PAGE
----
John McTiernan | The Hunt for Red October
| The 13th Warrior
Classic Film and Television Home Page
John McTiernan is a Hollywood film director.
Some common subjects in the films of John McTiernan:
- Contacts between a man inside and outside a situation (Die Hard, The Hunt for Red October)
- Interracial and international brotherhood (Die Hard, The Hunt for Red October, The 13th Warrior)
- Complex environment, with many paths (building: Die Hard, rope walks in trees: Medicine Man,
caves: The 13th Warrior)
- Silent suspense sequences (Willis' injury: Die Hard, submarine ping: The Hunt for Red October,
cave: The 13th Warrior)
- Heroes who write (The Hunt for Red October, The 13th Warrior)
- Contrasting uniform for hero (US Navy vs Soviet Navy: The Hunt for Red October,
chain mail vs armor: The 13th Warrior)
- Finales in which hero moves away on vehicle (The Hunt for Red October, The 13th Warrior)
The Hunt for Red October
Lithuanian Submarine captain Sean Connery defects with the Soviet's
latest high tech sub. (This is much better casting than us Lithuanians
usually get. The last major Lithuanian character in a film or
TV show was Squiggy on "Laverne and Shirley".)
As usual, McTiernan emphasizes humor, character and drama
over violence. The plot is constructed on similar lines as Die Hard.
In that film, the plot turned on the radio contact between
Bruce Willis' character within the skyscraper, and Reginald Valjohnson
without. Their relationship formed the human basis for the film.
In The Hunt for Red October, the film's key scene is the one where CIA
analyst Alec Baldwin suddenly intuits what Connery is up to. Baldwin
becomes the only one on the American side who understands and
connects with Connery, and the plot turns on his ever more heroic
attempts to get others to share in his leap of faith. The scene
where Baldwin sees into another human being's soul is profoundly
moving, and so is the film's picture of the triumph of this human
insight over all worldly interests and political considerations.
The 13th Warrior
The 13th Warrior (1998) shows the same warm feelings of
brotherhood as McTiernan's earlier films. As in The Hunt For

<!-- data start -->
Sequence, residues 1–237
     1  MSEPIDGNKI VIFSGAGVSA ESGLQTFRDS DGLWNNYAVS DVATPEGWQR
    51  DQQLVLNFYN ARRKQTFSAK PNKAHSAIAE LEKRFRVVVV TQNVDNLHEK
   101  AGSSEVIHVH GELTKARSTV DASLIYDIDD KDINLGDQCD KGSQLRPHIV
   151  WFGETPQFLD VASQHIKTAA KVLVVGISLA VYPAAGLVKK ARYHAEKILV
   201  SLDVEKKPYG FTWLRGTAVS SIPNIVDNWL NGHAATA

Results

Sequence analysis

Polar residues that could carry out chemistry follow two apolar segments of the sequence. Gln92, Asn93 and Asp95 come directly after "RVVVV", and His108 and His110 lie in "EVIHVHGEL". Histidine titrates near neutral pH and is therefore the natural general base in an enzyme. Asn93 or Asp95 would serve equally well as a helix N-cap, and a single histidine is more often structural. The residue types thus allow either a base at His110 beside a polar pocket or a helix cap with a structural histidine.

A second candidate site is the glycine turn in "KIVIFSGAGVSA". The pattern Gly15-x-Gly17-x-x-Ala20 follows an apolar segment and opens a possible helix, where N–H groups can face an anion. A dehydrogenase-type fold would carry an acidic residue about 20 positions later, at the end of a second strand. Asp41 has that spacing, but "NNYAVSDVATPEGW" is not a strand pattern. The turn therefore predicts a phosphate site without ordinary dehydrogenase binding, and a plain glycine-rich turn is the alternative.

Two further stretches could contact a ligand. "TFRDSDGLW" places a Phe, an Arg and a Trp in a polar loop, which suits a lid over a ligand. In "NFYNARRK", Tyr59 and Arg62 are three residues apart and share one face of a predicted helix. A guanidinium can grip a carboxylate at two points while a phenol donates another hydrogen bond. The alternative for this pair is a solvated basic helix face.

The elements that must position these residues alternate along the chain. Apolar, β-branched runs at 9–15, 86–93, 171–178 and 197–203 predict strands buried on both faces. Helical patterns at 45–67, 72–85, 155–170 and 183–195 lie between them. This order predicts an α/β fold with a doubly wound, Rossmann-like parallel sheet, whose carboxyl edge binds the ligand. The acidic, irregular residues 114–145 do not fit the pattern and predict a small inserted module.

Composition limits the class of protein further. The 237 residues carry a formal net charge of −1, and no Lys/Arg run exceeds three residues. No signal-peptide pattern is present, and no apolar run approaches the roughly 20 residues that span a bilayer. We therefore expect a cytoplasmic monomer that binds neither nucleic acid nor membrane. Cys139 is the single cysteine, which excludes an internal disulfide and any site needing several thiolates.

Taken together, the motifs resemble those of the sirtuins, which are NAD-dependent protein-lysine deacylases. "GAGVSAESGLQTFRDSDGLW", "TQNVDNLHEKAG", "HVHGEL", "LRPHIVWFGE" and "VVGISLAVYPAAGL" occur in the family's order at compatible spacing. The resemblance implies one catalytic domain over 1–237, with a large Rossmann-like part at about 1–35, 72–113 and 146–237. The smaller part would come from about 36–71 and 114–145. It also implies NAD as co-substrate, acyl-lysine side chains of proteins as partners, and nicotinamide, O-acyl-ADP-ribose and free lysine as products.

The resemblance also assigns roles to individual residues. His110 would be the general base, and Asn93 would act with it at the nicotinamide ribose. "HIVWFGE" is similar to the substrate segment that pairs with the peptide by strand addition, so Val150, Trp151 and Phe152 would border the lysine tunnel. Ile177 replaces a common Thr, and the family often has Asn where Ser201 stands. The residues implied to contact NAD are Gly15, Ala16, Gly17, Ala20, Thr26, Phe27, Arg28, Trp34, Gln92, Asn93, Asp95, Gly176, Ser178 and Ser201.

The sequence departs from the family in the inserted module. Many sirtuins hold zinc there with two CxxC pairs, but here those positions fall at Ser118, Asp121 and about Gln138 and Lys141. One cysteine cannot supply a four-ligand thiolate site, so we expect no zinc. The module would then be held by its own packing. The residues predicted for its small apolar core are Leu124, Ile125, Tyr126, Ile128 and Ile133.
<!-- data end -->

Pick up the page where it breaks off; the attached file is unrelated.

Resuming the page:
Red October, the brotherhood extends across racial
and national lines. It requires a leap by the hero, to get him
to understand and join up with men from another nation and group.
This involves deep feeling. The feeling is partly one of universal
brotherhood, and partly of male bonding with a very specific group
In both films, the hero wears uniforms that are both similar
to and different from those of the other nation. In October,
the hero is in a dress blue US Naval uniform, whereas the men
on the other sub are in Soviet naval uniforms. Their clothes are
similarly dress blue. In Warrior, the hero is in iron chain
mail, whereas the Norsemen are in shiny armor. Their armor is
made of broad pieces of metal, not chain mail like the hero's.
Both costumes are equally spectacular. All the men in both films
are dressed up to the max.
Many of McTiernan's films involve the protagonists moving through
a complex environment, one with many paths:
McTiernan likes suspense sequences when the heroes have to stay
- In Die Hard (1988), this is a high rise office building,
including many show rooms, areas under construction and ventilation shafts.
- In The Hunt for Red October, it is a series of submarines.
- In Medicine Man (1992), it is the upper levels of a rain forest,
and many rope and net paths built high among the trees. These spectacular
tree walkways were the best part of this film.
- In The 13th Warrior, we move through an equally complex series of
underground caves. Caves have fascinated me ever since I was a kid.
These scenes in The 13th Warrior are delightfully exciting.
Both The 13th Warrior and The Hunt for Red October have a hero who writes.
It is an important part of his characterization. Both write using
pens on paper in front of them - personal notes. Both men are
- Willis' injury in Die Hard,
- The submarine ping sequence in The Hunt for Red October,
- Scenes in the cave in The 13th Warrior.
Both films also have similar, well-done finales. These
show the hero quiet, alone, on a vehicle taking him away from
the scene of action in the story. Both finales sum up the changes
in the hero's character caused by the events of the story.